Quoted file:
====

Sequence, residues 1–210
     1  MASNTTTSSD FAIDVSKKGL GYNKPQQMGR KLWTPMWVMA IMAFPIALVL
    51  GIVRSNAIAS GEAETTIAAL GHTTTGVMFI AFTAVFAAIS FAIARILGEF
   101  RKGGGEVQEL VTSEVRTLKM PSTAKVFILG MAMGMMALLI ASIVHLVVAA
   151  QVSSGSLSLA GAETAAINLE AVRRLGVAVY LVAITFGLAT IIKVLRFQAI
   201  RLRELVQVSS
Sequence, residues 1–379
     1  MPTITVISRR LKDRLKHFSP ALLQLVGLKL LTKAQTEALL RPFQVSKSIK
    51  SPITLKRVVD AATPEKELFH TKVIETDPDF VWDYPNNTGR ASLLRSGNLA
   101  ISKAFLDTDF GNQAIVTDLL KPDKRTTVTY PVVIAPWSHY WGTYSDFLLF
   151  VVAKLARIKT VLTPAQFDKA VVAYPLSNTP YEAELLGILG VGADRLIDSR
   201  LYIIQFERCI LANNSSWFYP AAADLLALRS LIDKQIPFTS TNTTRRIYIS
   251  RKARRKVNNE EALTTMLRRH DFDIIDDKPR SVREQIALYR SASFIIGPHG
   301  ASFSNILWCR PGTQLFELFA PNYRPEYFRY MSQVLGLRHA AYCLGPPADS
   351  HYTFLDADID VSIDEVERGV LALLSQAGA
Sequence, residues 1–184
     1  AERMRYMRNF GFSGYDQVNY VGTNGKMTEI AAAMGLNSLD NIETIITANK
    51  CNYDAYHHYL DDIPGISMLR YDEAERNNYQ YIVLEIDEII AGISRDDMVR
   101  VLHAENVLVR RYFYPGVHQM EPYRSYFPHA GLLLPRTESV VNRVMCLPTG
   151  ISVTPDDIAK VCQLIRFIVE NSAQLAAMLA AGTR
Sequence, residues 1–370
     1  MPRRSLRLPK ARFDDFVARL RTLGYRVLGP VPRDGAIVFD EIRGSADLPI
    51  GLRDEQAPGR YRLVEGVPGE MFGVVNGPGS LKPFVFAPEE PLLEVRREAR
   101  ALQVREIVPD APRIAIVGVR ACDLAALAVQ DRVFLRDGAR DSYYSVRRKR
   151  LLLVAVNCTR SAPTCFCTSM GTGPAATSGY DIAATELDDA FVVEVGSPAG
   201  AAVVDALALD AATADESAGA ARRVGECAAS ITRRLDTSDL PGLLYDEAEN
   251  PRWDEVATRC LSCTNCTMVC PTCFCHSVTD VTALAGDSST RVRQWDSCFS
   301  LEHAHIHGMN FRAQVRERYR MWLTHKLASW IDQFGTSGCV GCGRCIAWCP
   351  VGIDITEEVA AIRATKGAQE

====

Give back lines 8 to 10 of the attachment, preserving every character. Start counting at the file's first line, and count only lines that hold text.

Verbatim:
     1  MPTITVISRR LKDRLKHFSP ALLQLVGLKL LTKAQTEALL RPFQVSKSIK
    51  SPITLKRVVD AATPEKELFH TKVIETDPDF VWDYPNNTGR ASLLRSGNLA
   101  ISKAFLDTDF GNQAIVTDLL KPDKRTTVTY PVVIAPWSHY WGTYSDFLLF